Americans are starting to worry about higher gas prices.
The University of Michigan’s preliminary consumer sentiment index for March released Friday fell to 90, missing the expectation for 92.2, and hitting a five-month low.
The report’s gauge of expectations has been falling over the past year, and now cheap gas prices are something consumers no longer anticipate will linger.
In the release, the Survey of Consumers chief economist Richard Curtin said,
Consumer confidence eased in early March due to increased concerns about prospects for the economy as well as the expectation that gas prices would inch upward during the year ahead. All of the decline during the past year has been in the Expectations Index, which was due to a weakening outlook for the pace of growth in the national economy …
Overall, it would appear that consumers have accommodated slower economic growth as well as rising gas prices without an accompanying rise in uncertainty about their own personal financial situation.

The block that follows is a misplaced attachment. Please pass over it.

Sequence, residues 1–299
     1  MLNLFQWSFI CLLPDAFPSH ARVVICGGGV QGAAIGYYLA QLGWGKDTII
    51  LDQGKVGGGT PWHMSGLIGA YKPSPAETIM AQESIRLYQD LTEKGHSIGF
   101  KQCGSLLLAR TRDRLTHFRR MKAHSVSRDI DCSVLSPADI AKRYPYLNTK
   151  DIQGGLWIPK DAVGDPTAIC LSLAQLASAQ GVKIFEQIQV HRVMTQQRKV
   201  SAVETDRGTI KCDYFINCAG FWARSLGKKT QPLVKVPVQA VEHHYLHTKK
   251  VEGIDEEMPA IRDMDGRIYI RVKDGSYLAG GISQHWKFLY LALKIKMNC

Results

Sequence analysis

Last month’s report showed that consumers’ view on their personal finances rose to a 10-year high, reflecting expectations for inflation to remain low. Inflation expectations rose in this latest report.
Crude oil prices have been rebounding over the past few weeks. On Thursday, West Texas Intermediate crude futures rose above $40 per barrel for the first time since December 7.
GasBuddy.com, a website that tracks prices nationwide, noted that prices spiked by the biggest amount this year earlier this week. Apart from oil prices, which have rallied nearly 50% over the last month, gas supply is falling as refiners undergo seasonal maintenance.
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